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"Character is a commodity best set off by tasteful clothes, refined speech, and dignified carriage. Any good merchandiser knows that the wrapping is a preview of the gift inside." --Grace Dorian, from an interview with Barbara Walters
Grace Dorian stared in bewilderment at the papers on her desk. She had no idea how they had gotten there, had no idea what they were for.
She riffled the stack, searching for hints. Not papers. Letters. Some were handwritten, some typed, some on white letterhead, colored stationery, torn notebook paper.
"Dear Grace . . . "
"Dear Grace . . . "
"Dear Grace . . . "
Think, she cried, fighting panic. People were writing her letters, lots of people, judging from the courier pack that stood open on the chair. It brimmed with more of what she had on her desk. They were there for a reason.
She put a hand to her chest and willed herself to stay calm. The heel of her hand pressed her thudding heart. Her fingertips touched beads.
Rosary beads? No. Not rosary beads. Pearls, Grace. Pearls.
Frightened eyes cast about for the familiar, lighting on the mahogany credenza, the velvet drapes, the brocade settee, the burnished brass lamps. The lamps were off now. It was morning. Sun spilled across the Aubusson.
Shakily she fitted her reading glasses to her nose, praying that if she studied the letters long enough, hard enough, something would click. She noted return addresses--Morgan Hill, California, Burley, Alabama, Little River, South Carolina, Parma, Ohio. People were writing her from across the country. And she was in . . . here was . . . she lived in . . . Connecticut. There, over the rim of her glasses, scripted elegantly on an antique map on the wall. Setting the glasses aside, she crossed to the map, touched the gilded frame, took comfort in its solidness and, yes, its familiarity.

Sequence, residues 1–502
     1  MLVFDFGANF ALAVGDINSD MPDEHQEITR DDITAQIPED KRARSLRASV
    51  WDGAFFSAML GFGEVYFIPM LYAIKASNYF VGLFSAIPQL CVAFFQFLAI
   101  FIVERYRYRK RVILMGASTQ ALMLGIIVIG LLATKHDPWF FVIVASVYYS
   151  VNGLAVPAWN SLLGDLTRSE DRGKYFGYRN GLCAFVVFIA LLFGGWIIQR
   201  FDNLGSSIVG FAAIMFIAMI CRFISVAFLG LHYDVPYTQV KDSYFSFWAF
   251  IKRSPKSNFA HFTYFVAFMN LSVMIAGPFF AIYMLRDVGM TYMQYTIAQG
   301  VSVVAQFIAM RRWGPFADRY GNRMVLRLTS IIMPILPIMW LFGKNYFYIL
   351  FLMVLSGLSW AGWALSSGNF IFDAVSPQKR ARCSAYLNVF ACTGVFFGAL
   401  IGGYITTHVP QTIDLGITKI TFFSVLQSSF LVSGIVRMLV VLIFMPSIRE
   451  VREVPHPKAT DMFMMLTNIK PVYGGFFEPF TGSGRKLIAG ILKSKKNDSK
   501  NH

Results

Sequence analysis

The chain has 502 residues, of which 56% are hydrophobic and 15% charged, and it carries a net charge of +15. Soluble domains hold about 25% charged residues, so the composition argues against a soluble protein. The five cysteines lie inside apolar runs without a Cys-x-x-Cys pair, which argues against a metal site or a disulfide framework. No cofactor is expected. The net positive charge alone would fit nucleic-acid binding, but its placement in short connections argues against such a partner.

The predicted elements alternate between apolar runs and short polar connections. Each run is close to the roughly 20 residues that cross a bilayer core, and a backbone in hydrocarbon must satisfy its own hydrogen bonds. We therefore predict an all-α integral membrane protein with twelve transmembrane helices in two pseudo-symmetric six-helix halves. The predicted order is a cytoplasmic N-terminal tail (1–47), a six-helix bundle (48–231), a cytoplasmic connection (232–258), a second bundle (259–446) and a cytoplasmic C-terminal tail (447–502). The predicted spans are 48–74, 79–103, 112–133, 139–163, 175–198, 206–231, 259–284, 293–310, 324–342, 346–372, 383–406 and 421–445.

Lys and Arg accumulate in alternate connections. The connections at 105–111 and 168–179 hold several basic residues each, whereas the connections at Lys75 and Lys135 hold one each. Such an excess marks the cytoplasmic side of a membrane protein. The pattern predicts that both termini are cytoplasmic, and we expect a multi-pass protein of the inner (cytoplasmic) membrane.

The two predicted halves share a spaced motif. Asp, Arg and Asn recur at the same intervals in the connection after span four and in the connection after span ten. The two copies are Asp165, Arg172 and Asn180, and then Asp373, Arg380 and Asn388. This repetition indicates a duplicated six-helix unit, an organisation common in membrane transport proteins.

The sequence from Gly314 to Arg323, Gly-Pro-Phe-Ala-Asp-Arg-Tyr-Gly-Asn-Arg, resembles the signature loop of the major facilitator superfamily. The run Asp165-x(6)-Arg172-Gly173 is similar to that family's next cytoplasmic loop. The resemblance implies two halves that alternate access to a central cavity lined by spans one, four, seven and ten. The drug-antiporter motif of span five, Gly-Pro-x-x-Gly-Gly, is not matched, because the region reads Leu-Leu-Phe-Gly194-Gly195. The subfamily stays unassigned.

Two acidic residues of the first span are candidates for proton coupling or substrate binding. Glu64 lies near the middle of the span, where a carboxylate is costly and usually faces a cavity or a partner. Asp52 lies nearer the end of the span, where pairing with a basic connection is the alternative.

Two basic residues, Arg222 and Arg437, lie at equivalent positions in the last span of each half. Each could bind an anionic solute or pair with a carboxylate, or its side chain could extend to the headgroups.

She lived in western Connecticut, on the sprawling estate left her by John. The original house had been in his family for nearly as many generations as the old sawmill had. The sawmill was silent now, craggy with vines and as bent as John in his final years, but what time had taken from the mill, it had given to the house. Initially a single stone homestead facing west, it had grown a north wing, then a south wing. A garage had sprouted and multiplied. The back of the house had swollen to include a suite of offices, the largest of which she stood in now, and the solarium. Beyond the solarium was the patio she adored, flagstoned and April-bare, but promising. It opened to a rolling lawn beyond which, framed by firs, lay the Housatonic. In late summer it meandered along the eastern edge of her property. This time of year it rushed. She could hear it even now, through the mullioned panes.
These things were familiar. And the other? She glanced anxiously at the door before reaching again for her glasses.
"Dear Grace, I've been reading your column for almost twenty years, but this is the first time I've written. My daughter is getting married next fall, but my ex-husband says that if she wants him to give her away, the children from his second marriage have to be in the wedding party. There are five of them. They are all under ten and unruly, and they've been awful to my daughter . . . "
"Dear Grace, You have to settle an argument between my boyfriend and me. He says that the first guy a girl sleeps with shapes her insides to him, so it's never as good with another guy . . . "
"Dear Grace, Some of the letters you print are too far-fetched to be real . . . "
Shades of GraceBy: Barbara Delinsky